Entering the Rumbur valley, Pakistan, with all of its violence and militancy, felt like it was left behind. No electricity, phone signals or newspaper stands are to be found in the village of Balanguru, precarious and beautiful, perched between mountains.
Preparations for the Joshi (spring) festival were well under way when I visited: women and men were sitting chatting together, brewing the wine to be drunk, stitching colourful outfits, and on the eve of the celebrations, beating a drum late into the night while dancing.
"Parents don't let their small children drink, but by 13 or 14 you can start drinking here," said Jamrat, one young Kalashi, while another 18-year-old girl was too drunk on festival eve to give an interview.
This is far removed from ordinary Pakistani life where most people adhere to an Islamic code, shunning drink and dance. The Kalash, on the other hand, worship their own gods. Pakistanis would view Kalash culture with disapproval but nevertheless many, mostly men, still flock to the valleys from around the country to experience the liberation the festival offers.
The Kalash use the blanket term "Punjabi" for the Pakistani men who suddenly show up in the village staring at women, trying to "chat them up", and making many feel uncomfortable.They do not consider themselves Pakistani. In fact, they call anybody from elsewhere in the country "Pakistani" - as if it that term would not cover themselves as well.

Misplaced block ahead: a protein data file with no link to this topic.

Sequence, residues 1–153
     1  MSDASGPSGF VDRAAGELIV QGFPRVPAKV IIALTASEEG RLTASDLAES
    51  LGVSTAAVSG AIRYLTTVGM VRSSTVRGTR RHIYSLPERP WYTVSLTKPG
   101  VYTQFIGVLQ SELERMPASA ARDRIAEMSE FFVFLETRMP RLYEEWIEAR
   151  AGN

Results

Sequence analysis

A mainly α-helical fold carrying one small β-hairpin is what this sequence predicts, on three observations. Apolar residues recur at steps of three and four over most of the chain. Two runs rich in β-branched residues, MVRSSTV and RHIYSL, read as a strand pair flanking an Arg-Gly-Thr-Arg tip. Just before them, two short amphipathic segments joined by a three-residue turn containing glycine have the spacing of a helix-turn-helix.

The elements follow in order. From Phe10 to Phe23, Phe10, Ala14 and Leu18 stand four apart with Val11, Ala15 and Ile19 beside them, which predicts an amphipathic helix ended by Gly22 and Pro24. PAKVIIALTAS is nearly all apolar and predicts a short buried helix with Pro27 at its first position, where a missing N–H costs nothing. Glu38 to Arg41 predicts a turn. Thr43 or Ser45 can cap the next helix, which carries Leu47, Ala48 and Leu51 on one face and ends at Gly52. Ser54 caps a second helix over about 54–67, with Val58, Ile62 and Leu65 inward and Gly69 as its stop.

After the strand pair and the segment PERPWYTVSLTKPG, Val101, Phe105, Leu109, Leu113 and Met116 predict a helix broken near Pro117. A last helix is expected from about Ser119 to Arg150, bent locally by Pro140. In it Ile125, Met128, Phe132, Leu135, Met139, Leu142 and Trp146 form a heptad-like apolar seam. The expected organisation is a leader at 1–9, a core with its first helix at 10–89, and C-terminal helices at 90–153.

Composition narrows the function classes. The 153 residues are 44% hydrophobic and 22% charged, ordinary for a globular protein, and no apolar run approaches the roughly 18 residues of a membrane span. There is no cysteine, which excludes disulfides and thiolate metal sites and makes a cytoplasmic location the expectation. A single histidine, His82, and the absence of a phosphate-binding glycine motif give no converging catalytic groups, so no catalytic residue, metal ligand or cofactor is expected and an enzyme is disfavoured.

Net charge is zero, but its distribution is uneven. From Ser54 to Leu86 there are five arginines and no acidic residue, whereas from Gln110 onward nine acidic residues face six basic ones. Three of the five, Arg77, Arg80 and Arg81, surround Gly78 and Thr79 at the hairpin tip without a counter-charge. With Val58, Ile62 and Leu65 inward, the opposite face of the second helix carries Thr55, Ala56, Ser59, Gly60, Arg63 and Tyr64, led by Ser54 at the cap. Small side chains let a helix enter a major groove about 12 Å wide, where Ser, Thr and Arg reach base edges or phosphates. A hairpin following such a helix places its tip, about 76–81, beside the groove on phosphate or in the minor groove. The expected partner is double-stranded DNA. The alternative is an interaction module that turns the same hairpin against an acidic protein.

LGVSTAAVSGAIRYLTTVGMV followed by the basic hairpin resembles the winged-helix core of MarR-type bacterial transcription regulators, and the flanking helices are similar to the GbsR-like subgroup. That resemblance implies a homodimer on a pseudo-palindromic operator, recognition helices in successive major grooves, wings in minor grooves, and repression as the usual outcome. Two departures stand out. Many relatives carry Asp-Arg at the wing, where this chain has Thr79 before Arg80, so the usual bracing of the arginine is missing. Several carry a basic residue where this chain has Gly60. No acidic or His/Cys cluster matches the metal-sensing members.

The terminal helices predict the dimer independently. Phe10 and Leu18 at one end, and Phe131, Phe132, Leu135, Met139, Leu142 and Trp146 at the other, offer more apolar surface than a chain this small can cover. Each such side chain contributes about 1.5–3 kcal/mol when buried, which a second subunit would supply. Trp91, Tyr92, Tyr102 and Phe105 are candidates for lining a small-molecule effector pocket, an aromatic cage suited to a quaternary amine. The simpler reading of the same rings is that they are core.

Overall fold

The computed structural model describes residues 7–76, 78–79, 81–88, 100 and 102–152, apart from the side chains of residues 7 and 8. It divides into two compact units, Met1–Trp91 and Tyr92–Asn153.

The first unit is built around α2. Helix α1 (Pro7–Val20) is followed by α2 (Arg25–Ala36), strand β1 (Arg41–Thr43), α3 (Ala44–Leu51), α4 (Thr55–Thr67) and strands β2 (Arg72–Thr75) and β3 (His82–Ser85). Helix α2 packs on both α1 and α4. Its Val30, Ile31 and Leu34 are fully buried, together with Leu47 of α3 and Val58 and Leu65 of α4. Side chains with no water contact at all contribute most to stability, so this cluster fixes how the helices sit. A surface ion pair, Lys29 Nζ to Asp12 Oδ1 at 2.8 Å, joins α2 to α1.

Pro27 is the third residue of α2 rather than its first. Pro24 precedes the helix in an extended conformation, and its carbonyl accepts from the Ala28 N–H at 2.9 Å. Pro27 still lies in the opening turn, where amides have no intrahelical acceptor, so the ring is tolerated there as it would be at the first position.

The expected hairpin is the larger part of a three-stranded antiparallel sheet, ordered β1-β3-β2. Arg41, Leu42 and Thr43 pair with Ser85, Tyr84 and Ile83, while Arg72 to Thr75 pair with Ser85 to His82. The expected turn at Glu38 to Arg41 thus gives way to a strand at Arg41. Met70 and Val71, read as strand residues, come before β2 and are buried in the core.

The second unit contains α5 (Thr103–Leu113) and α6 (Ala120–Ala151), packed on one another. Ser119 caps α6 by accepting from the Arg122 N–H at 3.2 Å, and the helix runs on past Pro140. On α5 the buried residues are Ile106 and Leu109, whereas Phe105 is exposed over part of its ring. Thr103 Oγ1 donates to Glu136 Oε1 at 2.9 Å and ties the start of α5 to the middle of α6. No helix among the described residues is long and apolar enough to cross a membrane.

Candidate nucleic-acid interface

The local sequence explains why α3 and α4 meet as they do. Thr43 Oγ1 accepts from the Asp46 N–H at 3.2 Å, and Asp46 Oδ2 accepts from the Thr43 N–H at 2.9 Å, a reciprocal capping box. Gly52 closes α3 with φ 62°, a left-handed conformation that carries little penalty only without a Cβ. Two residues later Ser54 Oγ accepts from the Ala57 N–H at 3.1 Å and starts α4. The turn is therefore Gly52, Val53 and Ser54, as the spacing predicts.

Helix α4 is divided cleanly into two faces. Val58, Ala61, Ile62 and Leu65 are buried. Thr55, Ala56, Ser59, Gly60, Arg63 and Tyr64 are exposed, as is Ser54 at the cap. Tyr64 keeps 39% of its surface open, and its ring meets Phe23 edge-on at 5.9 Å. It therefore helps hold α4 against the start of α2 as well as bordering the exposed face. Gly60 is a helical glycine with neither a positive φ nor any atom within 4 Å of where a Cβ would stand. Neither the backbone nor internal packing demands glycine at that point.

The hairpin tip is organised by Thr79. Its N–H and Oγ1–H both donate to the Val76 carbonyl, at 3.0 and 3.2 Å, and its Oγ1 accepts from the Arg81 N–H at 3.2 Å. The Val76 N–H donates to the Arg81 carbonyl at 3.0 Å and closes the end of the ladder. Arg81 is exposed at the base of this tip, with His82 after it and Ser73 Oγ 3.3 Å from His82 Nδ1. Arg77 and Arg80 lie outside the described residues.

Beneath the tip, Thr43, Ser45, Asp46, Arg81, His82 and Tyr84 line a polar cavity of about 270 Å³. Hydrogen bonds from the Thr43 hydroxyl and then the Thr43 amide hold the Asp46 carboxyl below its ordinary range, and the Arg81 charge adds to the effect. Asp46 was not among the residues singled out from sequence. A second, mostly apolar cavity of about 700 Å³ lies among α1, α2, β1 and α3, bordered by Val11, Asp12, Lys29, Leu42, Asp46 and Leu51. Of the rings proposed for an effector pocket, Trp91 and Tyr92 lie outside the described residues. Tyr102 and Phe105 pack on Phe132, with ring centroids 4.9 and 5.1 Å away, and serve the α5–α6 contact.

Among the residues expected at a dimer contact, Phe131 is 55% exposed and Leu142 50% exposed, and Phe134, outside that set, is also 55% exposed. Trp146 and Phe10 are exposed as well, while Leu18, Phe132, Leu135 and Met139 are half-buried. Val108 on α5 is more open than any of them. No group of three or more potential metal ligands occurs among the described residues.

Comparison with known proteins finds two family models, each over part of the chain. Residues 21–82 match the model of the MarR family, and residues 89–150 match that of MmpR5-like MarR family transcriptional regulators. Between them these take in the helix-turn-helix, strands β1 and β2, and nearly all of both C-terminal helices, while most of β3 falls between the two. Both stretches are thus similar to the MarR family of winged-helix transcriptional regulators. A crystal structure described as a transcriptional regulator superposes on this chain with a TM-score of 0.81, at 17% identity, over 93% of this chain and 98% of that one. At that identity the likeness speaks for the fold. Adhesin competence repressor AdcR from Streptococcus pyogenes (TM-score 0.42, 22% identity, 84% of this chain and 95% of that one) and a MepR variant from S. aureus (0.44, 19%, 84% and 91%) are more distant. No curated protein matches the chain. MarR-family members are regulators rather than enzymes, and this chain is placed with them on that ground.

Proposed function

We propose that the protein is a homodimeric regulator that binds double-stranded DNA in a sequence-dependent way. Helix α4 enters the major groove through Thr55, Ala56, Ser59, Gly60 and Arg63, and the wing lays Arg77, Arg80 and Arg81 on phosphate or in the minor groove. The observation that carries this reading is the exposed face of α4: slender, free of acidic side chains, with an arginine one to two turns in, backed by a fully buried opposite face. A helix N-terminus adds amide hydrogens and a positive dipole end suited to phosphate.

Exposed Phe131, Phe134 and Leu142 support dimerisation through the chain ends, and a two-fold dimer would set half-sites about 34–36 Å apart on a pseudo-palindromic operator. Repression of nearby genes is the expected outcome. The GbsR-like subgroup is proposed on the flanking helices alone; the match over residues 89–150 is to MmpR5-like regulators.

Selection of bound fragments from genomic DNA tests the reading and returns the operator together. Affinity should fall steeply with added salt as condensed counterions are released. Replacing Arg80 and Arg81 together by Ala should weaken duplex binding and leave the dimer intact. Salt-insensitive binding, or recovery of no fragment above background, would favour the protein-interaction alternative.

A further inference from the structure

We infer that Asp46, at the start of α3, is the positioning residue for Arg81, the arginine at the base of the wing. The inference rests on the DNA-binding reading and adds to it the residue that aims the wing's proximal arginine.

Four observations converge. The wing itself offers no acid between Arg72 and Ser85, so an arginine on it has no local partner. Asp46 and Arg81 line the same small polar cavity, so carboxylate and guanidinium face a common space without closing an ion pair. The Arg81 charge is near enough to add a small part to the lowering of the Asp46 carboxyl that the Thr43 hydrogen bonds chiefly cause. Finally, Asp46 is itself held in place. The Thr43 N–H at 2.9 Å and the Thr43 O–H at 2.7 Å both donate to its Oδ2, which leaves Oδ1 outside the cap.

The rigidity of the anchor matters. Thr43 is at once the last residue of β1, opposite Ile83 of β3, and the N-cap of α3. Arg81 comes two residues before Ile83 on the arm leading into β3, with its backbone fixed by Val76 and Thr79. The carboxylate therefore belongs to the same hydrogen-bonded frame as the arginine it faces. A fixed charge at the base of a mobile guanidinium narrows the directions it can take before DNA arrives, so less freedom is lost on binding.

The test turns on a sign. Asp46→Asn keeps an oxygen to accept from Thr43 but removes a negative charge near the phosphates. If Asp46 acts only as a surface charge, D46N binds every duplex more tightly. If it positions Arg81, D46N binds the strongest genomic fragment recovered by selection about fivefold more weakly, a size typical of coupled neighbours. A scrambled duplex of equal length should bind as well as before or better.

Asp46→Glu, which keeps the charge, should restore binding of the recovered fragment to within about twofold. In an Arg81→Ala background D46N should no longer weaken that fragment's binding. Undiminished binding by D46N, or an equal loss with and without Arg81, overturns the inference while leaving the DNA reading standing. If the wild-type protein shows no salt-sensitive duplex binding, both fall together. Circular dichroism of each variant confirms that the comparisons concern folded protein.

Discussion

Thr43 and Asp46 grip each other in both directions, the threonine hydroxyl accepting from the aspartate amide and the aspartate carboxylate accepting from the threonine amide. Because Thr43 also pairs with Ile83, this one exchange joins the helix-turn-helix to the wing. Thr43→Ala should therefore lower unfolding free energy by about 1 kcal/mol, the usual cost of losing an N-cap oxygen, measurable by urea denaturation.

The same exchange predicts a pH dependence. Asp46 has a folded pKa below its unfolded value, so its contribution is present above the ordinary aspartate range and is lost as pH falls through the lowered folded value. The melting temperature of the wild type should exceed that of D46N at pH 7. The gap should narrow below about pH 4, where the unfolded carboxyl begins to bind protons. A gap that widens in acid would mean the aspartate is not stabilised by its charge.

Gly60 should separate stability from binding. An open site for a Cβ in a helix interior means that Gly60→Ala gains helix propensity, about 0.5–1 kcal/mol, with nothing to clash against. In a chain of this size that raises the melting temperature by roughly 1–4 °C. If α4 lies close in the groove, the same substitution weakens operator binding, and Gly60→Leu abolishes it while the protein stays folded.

But it was in the heady mix of the festival that the first clues appeared about the pressures the outside world is beginning to exert upon this society. Security was heightened in the valleys - a sign that Pakistan's problems can intrude upon even the most isolated communities. A walk-through security gate looked out of place at the foot of the mountain before a winding staircase that led to the heart of the festival.
Here euphoric Kalash people were dancing and singing and there was a distinct whiff of marijuana in the air. There was a small and unconvincing hand-written sign hanging somewhere, warning spectators that drinking was not allowed.
All the while, the anti-terrorist squad was scattered across the valleys. Every few steps, stood an upright man in uniform, holding a gun to his chest. And new rules dictate that each foreigner visiting the area must have their own security guard. "It's ridiculous," says Shane Brady, an Irish tourist. "The police were first being put up in our room, then when we refused, they slept right outside our room."
Saifullah Jan, the owner of a local guest house in Balanguru, feels strongly about it too. "The police are a hassle here. It's ruining tourism," he says. Foreign visitors are supposed to pay for their guards' food and accommodation, he adds. When they refuse, supporting the guards becomes a burden for the locals.